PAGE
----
Let me be honest: I’d never heard of Jim Sands before this morning. Jim, apparently, is a former Ulster Unionist Party candidate and a not particularly successful one: when he stood for office he got 38 votes. But Jim is in the news because the way he figures it, there couldn’t be enough tricolours on the Eleventh night bonfires. This, Jim states, is a peaceful way for young people who can’t vote to express their feelings. And in a classic case of presenting an issue in terms of false alternatives, he demands: “Is it not better burning their posters rather than their constituency offices?”
I remember years and years ago, when Bill and Hillary Clinton first came to Ireland, Hillary was glad-handing people corralled behind a pavement barrier. One male Dub pumped her hand and asked a question which you could tell left Bill’s wife a bit puzzled: “Are there any more at home like you?” The same question might be asked of Jim Sands: are there many of you in existence?
The sad answer to that is, Yes. If there weren’t, UUP MP Danny .Kinahan wouldn’t have had his photograph taken in front of a bonfire topped by a tricolour; our new Minister for Culture Paul Givan wouldn’t be shown grinning and thrusting a burning brand into a mountainous Eleventh night bonfire. There are clearly lots like Jim Sands out there, which I think we all suspected; what’s depressing is that no unionist politician seems prepared to stand up and say “Enough is enough. We are a self-respecting party and we call for, we demand an end of this barbaric practice of burning posters of election opponents, burning the Irish flag, burning religious icons. If you insist on carrying on like that, you’re doing it in the teeth of our loud opposition”.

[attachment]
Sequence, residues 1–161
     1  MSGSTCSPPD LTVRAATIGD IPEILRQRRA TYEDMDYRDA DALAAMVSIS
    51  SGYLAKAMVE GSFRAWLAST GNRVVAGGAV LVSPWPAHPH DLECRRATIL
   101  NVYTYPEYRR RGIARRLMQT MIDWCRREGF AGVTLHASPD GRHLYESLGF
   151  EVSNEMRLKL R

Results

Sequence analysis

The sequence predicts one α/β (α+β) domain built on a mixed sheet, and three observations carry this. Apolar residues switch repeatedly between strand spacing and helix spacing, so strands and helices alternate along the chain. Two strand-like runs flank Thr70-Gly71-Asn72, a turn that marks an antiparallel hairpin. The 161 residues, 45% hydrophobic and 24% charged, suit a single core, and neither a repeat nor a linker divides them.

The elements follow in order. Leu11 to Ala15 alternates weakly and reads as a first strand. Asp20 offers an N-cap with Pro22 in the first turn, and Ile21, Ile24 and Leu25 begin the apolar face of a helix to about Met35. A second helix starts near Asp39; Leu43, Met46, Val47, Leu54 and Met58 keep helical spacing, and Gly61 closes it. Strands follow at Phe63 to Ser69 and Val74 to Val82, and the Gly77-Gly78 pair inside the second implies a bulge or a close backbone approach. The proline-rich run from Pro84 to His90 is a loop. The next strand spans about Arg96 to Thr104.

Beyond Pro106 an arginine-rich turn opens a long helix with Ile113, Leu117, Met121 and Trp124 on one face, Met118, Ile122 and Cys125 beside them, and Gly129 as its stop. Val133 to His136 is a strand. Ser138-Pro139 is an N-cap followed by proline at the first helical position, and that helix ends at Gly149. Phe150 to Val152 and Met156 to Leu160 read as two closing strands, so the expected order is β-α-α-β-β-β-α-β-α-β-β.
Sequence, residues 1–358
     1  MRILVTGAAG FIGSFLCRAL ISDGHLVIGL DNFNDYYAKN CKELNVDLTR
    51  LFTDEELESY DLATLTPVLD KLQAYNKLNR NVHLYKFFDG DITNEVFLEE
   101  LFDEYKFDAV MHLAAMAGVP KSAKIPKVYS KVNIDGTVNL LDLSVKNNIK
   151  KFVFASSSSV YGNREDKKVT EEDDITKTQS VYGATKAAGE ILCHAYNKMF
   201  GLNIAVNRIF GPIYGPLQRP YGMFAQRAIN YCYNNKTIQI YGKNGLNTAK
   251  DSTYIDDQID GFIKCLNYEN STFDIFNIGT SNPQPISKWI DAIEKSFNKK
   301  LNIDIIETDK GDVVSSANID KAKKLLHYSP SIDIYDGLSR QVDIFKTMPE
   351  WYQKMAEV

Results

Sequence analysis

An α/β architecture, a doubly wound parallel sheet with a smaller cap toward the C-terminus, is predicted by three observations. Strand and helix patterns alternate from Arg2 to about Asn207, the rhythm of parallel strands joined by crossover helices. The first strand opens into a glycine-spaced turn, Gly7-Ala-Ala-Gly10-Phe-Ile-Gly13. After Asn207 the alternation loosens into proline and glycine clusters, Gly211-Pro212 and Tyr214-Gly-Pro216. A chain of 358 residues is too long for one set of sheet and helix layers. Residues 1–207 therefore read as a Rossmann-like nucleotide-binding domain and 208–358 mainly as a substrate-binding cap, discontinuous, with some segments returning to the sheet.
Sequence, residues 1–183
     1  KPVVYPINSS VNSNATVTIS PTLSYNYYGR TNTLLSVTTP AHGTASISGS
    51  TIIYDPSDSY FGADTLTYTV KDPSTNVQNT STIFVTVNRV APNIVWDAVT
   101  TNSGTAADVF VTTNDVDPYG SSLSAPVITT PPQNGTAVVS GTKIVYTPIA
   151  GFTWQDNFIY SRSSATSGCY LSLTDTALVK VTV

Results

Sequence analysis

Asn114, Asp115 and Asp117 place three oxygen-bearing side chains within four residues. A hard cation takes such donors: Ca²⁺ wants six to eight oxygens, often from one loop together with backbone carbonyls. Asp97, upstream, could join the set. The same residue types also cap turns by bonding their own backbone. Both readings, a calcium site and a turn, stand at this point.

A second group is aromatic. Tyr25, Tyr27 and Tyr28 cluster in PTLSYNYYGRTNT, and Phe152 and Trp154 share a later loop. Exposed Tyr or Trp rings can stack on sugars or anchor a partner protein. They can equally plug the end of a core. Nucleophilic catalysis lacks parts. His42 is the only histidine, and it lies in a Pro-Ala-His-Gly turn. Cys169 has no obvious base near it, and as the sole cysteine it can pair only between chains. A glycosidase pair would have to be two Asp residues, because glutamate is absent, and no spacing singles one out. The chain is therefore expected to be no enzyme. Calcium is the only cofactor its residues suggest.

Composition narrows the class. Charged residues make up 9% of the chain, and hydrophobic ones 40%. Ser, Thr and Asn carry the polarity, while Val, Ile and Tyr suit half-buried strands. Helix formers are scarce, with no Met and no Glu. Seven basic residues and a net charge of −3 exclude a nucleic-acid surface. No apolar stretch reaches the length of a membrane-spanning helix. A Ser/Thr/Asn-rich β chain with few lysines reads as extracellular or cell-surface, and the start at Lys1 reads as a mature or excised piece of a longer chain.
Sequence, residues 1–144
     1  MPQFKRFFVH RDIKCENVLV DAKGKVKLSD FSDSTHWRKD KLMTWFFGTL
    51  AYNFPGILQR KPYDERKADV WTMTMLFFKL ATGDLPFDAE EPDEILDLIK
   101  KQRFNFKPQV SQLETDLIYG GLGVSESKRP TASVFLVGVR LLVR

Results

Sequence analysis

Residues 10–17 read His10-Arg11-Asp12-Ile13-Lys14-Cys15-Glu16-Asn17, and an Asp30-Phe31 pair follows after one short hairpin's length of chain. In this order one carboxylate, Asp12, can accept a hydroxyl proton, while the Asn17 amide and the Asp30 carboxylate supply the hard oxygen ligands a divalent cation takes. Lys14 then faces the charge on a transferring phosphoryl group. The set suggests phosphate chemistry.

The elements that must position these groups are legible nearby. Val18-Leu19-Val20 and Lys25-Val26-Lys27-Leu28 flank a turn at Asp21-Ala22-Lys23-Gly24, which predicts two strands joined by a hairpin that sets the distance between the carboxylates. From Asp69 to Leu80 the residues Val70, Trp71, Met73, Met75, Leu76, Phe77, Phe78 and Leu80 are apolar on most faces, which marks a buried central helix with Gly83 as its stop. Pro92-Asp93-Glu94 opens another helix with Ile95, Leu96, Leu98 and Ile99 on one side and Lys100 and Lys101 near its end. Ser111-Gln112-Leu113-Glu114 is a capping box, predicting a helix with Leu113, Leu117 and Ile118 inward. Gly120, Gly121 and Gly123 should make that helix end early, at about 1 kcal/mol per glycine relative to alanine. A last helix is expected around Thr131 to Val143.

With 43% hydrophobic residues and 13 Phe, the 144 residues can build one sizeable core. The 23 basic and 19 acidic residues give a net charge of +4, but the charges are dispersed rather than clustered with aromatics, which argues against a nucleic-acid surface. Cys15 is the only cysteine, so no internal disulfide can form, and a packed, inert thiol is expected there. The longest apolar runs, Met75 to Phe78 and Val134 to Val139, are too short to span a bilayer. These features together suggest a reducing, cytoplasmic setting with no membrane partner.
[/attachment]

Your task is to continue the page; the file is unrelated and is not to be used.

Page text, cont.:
What are the chances of that happening? Rien, nada, seans ar bith, below zero.
Why do these people do these things? Because they see it as a way of showing their defiance of the growth in nationalist/republican numbers and strength. Traditionally when faced with a challenge, the possibility of some gain by nationalists/republicans, unionism has turned to violence. I suppose we should be grateful, like Jim, that they’re not burning down constituency offices. Although, just so you’re maybe a wee bit clearer on the matter, Jim, it doesn’t have to be burnt flags or burnt offices – there are a whole range of other options. Like staying at home and watching telly. Like getting in some cans and getting drunk. Like treating people who’ve different political views from your own with respect. Yes I know, Virginia. But as Heaney said, sometimes we get lucky and the stars align, sometimes hope and history rhyme; and sooner or later people like Jim must see who is using them and who is offering them a better tomorrow.